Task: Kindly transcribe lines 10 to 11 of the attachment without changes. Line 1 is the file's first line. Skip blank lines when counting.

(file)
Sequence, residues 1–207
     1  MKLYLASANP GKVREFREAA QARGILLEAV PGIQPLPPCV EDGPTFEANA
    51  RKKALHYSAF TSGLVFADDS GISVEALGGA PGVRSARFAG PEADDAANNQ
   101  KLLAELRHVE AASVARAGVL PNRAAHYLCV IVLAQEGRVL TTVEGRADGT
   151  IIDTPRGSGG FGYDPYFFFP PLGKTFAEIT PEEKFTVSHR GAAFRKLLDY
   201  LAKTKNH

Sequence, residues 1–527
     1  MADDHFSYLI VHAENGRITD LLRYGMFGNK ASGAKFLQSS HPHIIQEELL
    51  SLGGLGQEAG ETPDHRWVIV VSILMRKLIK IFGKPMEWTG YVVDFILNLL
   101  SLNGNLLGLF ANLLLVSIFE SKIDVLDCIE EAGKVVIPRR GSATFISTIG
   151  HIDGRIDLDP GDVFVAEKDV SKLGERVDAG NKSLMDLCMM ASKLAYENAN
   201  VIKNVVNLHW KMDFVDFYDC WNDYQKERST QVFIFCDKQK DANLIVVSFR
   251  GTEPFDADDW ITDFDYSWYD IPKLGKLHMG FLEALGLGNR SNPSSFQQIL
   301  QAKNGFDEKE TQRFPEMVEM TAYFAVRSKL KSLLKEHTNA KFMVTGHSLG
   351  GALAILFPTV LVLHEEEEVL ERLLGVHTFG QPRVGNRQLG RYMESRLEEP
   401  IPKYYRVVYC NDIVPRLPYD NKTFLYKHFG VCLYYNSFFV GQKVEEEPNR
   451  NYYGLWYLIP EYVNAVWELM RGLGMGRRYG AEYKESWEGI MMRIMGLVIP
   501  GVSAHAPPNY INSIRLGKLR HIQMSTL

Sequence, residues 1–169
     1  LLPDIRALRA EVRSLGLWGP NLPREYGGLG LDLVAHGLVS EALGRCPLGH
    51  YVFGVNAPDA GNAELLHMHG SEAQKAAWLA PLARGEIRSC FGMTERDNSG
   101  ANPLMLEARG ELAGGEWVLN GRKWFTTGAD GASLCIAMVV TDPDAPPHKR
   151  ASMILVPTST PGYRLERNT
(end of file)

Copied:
   101  SLNGNLLGLF ANLLLVSIFE SKIDVLDCIE EAGKVVIPRR GSATFISTIG
   151  HIDGRIDLDP GDVFVAEKDV SKLGERVDAG NKSLMDLCMM ASKLAYENAN